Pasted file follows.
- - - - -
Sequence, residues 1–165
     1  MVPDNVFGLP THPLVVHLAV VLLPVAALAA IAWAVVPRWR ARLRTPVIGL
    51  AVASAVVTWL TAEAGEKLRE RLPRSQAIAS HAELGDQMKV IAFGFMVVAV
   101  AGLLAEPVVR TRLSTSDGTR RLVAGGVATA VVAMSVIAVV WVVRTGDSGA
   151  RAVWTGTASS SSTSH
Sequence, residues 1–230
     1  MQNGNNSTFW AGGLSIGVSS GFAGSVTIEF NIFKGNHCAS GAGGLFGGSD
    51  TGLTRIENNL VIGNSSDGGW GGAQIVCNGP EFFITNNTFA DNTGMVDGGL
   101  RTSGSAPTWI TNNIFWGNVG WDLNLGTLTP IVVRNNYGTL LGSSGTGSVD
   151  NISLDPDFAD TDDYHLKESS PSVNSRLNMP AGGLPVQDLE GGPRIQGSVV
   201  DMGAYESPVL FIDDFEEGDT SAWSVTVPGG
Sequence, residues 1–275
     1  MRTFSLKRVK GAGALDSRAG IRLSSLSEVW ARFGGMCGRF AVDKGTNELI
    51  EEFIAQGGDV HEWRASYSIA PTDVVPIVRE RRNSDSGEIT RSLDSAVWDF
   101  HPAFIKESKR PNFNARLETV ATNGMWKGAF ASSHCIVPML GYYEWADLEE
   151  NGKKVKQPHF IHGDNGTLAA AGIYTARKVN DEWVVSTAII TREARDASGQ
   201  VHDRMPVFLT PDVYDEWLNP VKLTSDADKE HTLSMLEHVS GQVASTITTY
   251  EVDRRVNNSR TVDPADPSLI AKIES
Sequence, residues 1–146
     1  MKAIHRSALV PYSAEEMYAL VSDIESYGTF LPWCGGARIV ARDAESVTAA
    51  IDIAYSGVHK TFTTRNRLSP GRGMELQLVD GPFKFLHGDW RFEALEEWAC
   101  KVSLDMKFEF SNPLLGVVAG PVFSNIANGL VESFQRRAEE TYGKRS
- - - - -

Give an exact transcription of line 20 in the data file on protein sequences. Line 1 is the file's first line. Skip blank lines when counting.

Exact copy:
     1  MKAIHRSALV PYSAEEMYAL VSDIESYGTF LPWCGGARIV ARDAESVTAA